The home side should have extended their lead moments later, as Padelli came rushing out of his goal to make a clearance, but failed to make any contact with the ball. However, Napoli winger Lorenzo Insigne was unable to get the ball past the two covering Toro defenders.

Torino's first opportunity of the half was a long range free kick by Alessio Cerci, that was tipped over the bar by Jose Reina. Whilst from the resulting corner, captain Kamil Glik narrowly volleyed over the bar with Toro's best chance of the game.

With an important game against Livorno coming up on Wednesday, Giampiero Ventura took the opportunity to rest a few key players as it became obvious there was no way back for Toro in the second half - and Alessio Cerci, Alessandro Gazzi and Danilo D'Ambrosio were all replaced.

Substitute Riccardo Meggiorini came close to opening his account for the season, however his left footed shot from distance was comfortably saved by Reina. Daniele Padelli continued his reputation of being a good shot stopper (just a shame about his inability to claim crosses), as he made fine saves from Dries Mertens and then Jose Callejon.

In the dying moments, Migjen Basha was harshly sent off as he cynically fouled Goran Pandev, and was adjudged to be the last man - although it looked as though Torino had at least one defender covering.

That incident summed up a miserable afternoon for the Granata, and after going behind early, their attention seemed to be diverted to Wednesday's fixture at Livorno. That game is now crucial for a Torino side that has not won in five matches, with their only two victories this season coming against Sassuolo and Bologna - both of whom are in the bottom three.

Forza Toro!

Saturday, 26 October 2013

Napoli V Torino Preview

Torino will make the long journey south to Napoli on Sunday afternoon as they look to earn their first victory since September 22nd.

The Granata were disappointed not to beat Inter last weekend, especially after they twice took the lead against a side who had 10 men for 85 minutes.

Toro will be without one of the goalscorers from that game, as Alexander Farnerud is injured, and that could allow Nicola Bellomo - who equalised so dramatically against Inter - to be his replacement. Captain Kamil Glik has returned from suspension, so he should return to the starting eleven.

Napoli have started well under the stewardship of Rafa Benitez, and were apparently unlucky to lose to league leaders Roma last week. Whilst they rebounded to that defeat with a victory in the Champions League against Marseille, the Granata will be looking to capatilise on any fatigue from the partenopei.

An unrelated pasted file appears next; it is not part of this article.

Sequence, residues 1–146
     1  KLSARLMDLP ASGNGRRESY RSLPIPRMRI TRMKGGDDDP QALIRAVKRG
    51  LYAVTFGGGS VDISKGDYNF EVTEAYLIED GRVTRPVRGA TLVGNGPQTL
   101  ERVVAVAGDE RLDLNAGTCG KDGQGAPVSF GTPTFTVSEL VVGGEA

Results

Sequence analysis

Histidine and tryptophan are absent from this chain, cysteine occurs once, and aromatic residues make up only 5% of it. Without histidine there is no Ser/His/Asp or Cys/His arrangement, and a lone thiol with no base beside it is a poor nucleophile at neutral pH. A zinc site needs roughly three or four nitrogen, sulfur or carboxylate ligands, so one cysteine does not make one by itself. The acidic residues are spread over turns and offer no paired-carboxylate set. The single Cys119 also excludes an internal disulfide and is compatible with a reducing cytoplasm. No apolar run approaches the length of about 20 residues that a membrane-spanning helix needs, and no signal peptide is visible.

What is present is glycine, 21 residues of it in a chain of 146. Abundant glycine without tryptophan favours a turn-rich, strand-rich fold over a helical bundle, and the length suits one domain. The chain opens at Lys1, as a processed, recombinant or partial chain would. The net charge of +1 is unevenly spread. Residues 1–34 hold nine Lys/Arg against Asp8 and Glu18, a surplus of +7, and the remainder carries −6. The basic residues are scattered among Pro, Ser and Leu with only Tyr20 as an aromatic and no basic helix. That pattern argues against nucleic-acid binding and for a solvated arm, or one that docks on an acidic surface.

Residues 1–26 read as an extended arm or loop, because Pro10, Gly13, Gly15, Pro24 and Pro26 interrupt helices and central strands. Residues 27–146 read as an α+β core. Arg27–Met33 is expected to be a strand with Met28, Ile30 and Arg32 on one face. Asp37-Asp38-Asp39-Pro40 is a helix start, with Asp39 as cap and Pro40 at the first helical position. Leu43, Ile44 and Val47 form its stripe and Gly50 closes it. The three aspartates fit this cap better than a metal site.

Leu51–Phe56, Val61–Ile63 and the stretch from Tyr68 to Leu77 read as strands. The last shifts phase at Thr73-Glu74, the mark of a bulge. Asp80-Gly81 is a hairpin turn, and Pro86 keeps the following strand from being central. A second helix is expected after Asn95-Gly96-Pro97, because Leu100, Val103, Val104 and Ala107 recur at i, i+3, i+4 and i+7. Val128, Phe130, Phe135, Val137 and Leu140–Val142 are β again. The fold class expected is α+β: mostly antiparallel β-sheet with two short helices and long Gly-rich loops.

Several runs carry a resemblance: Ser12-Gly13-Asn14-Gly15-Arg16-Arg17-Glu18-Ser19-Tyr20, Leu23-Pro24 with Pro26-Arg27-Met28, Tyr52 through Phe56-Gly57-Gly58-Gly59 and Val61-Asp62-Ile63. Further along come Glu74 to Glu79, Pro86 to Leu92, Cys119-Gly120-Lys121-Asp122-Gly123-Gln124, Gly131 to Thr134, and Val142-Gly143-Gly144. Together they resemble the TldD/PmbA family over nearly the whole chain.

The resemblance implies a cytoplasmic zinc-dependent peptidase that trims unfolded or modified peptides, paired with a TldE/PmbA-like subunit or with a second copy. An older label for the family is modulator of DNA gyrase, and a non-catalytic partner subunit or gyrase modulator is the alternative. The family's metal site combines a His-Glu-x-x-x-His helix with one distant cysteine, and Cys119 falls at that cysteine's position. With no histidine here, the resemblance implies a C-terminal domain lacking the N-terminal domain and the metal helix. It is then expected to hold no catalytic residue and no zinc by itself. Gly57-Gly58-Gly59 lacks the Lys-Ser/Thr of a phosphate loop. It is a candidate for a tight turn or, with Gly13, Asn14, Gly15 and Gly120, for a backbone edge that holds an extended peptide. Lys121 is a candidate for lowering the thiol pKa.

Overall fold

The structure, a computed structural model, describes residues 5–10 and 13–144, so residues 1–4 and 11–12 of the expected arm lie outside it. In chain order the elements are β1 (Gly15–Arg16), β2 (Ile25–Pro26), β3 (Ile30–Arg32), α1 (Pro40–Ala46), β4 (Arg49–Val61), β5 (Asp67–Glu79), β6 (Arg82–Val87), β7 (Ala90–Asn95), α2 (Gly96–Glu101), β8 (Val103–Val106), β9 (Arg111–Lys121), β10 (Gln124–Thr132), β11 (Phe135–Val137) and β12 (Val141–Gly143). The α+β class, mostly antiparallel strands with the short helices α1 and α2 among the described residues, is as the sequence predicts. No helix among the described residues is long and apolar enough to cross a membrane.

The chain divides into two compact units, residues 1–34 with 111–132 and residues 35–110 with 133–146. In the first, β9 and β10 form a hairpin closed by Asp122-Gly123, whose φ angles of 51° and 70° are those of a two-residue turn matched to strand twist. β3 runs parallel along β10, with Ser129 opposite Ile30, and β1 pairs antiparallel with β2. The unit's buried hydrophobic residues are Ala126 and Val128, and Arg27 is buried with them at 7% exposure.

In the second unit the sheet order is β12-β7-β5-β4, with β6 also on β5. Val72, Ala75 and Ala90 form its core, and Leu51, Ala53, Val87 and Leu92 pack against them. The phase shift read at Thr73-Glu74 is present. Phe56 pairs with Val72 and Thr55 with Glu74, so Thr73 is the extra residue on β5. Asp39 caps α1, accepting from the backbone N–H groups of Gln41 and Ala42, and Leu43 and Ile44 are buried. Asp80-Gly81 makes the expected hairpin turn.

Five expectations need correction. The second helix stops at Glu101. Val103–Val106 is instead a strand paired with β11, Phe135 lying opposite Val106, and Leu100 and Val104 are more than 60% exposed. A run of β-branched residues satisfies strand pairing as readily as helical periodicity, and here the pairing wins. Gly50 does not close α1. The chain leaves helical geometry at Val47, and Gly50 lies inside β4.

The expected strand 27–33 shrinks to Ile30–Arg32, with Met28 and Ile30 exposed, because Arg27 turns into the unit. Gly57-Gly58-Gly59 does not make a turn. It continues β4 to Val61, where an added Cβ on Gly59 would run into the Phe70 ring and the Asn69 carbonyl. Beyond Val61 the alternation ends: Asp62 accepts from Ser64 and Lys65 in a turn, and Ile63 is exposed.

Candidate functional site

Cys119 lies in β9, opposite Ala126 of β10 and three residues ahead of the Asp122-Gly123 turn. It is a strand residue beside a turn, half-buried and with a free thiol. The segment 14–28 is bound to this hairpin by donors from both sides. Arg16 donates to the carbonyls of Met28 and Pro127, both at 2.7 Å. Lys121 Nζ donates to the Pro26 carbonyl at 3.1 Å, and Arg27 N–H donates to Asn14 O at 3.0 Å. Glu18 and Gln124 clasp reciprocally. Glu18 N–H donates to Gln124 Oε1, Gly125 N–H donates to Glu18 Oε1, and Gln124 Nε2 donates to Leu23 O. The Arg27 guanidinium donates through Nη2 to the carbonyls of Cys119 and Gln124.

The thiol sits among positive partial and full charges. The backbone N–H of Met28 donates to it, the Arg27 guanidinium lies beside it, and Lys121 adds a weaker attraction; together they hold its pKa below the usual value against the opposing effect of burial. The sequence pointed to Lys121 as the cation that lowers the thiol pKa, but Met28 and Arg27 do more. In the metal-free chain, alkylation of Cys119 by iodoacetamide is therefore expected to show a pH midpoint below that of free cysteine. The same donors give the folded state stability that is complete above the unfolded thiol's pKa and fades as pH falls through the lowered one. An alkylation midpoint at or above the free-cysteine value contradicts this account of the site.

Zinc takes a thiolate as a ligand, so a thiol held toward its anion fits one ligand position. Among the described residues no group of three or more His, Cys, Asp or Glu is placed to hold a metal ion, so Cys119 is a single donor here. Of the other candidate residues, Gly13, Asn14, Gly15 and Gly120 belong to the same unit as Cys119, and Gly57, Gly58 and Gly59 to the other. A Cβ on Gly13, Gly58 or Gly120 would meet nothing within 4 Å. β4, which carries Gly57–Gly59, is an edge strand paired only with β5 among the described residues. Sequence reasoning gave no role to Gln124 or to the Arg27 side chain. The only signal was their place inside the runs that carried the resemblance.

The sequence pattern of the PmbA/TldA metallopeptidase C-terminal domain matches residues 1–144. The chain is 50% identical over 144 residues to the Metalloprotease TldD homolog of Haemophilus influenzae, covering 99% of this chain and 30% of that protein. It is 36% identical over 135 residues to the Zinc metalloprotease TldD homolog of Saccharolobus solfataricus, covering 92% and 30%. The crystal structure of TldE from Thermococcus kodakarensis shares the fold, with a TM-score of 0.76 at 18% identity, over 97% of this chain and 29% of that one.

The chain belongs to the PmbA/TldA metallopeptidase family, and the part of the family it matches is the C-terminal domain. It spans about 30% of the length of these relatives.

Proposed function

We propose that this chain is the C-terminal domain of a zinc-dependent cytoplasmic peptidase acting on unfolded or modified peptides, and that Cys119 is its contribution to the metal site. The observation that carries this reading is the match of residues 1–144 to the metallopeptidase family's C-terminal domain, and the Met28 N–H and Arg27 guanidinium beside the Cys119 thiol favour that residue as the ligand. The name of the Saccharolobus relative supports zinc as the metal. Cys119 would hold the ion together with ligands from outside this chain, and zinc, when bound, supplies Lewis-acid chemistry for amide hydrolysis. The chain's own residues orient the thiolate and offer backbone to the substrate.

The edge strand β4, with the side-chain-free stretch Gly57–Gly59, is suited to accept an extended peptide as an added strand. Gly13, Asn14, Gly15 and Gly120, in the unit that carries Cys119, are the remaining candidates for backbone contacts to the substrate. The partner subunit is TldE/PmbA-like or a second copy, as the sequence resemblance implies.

Napoli 3-1 Torino

Tuesday, 22 October 2013

Torino 3-3 Inter

For once it was Torino who scored a last minute equaliser, as substitute Nicola Bellomo's free kick earnt Torino a deserved point against ten man Inter.

With an injury crisis in defence, midfielder Giuseppe Vives started in the back three - whilst Alessandro Gazzi and Paulo Barreto both surprisingly started after their ban for their role in the Calcio Scommese scandal came to an end.

Toro made an electric start, and top scorer Alessio Cerci hit the post with a volley in the opening few minutes. And moments later, the same player was upended in the area by Inter keeper Samir Handanovic, and Torino were awarded a penalty. In addition to the spot kick, the Slovenian was, somewhat harshly, sent off.

Cerci stepped up to take the penalty himself, but the Italian international was denied after substitute Juan Pablo Carrizo pulled off an excellent save. However, mid-way through the half the Granata did take the lead when Alexander Farnerud scored his first goal for the club with a volley inside the area after the ball was deflected into his path by an Inter defender.

But on the stroke of half time, Inter equalised when Torino failed to deal with a set piece - and some unconvincing goalkeeping from Daniele Padelli allowed Freddy Guarin to score with an extravagant overhead kick. However, just after half time Torino recovered from that blow to regain the lead when substitute Ciro Immobile fired the ball into the top corner from the edge of the box.

However, less than two minutes later Torino let a lead slip once again, as some terrible goalkeeping from Padelli allowed Argentine striker Rodrigo Palacio to head the ball into an empty net. And fifteen minutes later, the former Genoa striker scored his second goal of the game, when he converted an excellent cross from Ishak Belfodil to give ten man Inter a shock lead.